AUGUSTA — City workers on Tuesday installed not-so-new cobblestones to form the letters in the “Welcome to Augusta” ground sign on a hill off Water Street, greeting visitors crossing Memorial Bridge or headed downtown.

The granite cobblestones were salvaged from Market Square, which is farther down Water Street from the sign, according to Leif Dahlin, community services director. The cobblestones no longer were being used at Market Square. The city recently had redesigned and reconfigured a bus stop there into a grassy park. The stone message is visible from Memorial Bridge and is on Rines Hill facing Hartford Square — the intersection of Green, Water and Gage streets in front of Hartford Fire Station.

“We retained the cobblestones from Market Square and felt like this was a good way to recycle them,” Dahlin said. “We hope it’ll be an enhancement and creative use of materials.”

The rehabilitation of the Market Square site is costing about $284,000. The total project, including both the work at Market Square and the cost of creating a new bus stop, is expected to cost about $413,000.

The cobblestones will take the place of much smaller aggregate rocks the city has used in the sign for many years, which are painted white.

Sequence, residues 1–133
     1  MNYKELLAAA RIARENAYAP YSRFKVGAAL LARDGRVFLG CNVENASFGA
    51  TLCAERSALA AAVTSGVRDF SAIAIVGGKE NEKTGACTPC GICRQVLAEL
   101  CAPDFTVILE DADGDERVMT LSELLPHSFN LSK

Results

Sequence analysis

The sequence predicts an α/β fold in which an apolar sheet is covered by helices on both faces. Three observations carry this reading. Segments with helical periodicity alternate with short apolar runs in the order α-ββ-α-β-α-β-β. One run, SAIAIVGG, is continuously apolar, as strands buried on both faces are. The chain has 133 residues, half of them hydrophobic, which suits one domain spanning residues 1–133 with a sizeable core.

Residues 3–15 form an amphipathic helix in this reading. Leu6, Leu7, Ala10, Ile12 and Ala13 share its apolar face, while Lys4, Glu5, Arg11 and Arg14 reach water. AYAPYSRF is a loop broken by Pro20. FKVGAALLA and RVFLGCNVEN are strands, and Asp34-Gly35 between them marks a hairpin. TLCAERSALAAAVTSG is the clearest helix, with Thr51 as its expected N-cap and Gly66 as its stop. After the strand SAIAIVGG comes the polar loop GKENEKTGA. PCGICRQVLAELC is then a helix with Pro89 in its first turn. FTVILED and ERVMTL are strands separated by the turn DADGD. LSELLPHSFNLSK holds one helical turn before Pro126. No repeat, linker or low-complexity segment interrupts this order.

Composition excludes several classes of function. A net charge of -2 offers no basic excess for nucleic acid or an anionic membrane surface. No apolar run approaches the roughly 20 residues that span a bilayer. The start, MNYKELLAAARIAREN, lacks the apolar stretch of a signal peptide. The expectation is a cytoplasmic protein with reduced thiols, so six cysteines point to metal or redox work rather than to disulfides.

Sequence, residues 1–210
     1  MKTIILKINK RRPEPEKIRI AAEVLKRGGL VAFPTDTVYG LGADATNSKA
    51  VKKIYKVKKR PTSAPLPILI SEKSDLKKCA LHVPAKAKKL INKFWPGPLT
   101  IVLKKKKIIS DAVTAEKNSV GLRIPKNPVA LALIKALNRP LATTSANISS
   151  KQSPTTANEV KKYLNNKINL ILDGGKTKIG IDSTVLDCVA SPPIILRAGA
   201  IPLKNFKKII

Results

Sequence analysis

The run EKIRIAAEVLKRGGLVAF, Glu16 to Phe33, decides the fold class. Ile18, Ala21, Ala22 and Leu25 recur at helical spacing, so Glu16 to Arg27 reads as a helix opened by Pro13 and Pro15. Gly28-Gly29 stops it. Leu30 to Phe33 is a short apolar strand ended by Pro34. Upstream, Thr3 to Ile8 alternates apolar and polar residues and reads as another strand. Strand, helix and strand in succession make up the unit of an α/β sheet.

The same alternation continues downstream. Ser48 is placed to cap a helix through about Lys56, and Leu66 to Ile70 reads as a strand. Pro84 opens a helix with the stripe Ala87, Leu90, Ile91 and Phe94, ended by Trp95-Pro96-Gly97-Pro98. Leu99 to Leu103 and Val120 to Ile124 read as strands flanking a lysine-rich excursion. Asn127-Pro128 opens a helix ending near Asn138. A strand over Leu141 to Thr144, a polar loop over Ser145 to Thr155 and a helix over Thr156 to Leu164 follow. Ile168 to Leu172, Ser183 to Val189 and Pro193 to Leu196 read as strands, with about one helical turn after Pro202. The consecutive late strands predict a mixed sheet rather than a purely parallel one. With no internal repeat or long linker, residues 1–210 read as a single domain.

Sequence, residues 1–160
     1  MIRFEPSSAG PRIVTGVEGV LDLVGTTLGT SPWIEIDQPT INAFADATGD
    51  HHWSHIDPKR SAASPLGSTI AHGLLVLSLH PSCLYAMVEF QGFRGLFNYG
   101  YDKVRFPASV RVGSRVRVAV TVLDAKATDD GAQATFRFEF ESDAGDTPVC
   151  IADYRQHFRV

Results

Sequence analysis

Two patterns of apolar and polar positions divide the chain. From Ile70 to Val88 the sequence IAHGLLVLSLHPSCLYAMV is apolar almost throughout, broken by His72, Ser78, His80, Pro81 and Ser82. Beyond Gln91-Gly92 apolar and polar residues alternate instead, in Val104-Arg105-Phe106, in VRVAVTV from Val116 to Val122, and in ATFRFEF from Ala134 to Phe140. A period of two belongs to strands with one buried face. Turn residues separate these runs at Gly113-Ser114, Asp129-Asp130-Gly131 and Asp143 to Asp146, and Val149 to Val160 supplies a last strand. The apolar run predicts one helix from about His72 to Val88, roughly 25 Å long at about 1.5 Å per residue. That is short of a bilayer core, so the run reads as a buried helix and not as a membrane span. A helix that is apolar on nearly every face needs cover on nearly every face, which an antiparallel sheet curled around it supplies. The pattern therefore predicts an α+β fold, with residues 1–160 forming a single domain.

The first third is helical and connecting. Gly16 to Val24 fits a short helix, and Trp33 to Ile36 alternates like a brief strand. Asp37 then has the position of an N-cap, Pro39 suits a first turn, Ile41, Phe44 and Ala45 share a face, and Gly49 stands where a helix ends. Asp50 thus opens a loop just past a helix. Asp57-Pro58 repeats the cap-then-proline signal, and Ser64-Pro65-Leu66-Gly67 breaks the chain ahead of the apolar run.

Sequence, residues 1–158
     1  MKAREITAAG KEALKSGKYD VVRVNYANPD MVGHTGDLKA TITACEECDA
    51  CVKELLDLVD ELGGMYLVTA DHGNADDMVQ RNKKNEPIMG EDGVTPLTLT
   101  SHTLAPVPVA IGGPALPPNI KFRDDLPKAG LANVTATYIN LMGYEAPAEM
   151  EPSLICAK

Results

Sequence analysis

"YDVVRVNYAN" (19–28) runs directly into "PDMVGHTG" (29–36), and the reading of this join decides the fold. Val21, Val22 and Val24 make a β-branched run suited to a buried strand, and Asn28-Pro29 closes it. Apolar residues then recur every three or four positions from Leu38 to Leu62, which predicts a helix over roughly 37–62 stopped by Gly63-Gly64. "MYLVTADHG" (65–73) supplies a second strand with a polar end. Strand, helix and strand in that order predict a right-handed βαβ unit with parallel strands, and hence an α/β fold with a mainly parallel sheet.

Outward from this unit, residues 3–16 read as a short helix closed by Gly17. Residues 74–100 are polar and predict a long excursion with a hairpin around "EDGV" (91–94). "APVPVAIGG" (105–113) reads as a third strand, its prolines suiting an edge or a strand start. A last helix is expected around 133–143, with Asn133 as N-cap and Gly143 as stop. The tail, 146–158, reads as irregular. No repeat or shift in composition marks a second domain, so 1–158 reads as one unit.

Dahlin said city staff members have had to replenish the little white stones annually, as they fall out of the welcome message, which is cut into a steep grassy area, or are taken by passers-by. He hopes the new larger stones will require less time for maintenance.

For now, the new, larger stones won’t be painted white like the older stones. Dahlin said the stones had been painted white to make them more easily visible to motorists traveling by.

“We’ll experiment with the new stones and see how the sign shows up au naturel,” Dahlin said. “We have finite resources, so this could be a little bit of a time-saver.”

Dahlin, a 14-year city employee, said the sign has been there at least that long, but he wasn’t sure when the message was first installed. Other city officials and local historians contacted Tuesday said they also couldn’t determine how long the message had been there, but said it’s been at least several decades.

Keith Edwards — 621-5647

[email protected]

Twitter: @kedwardskj


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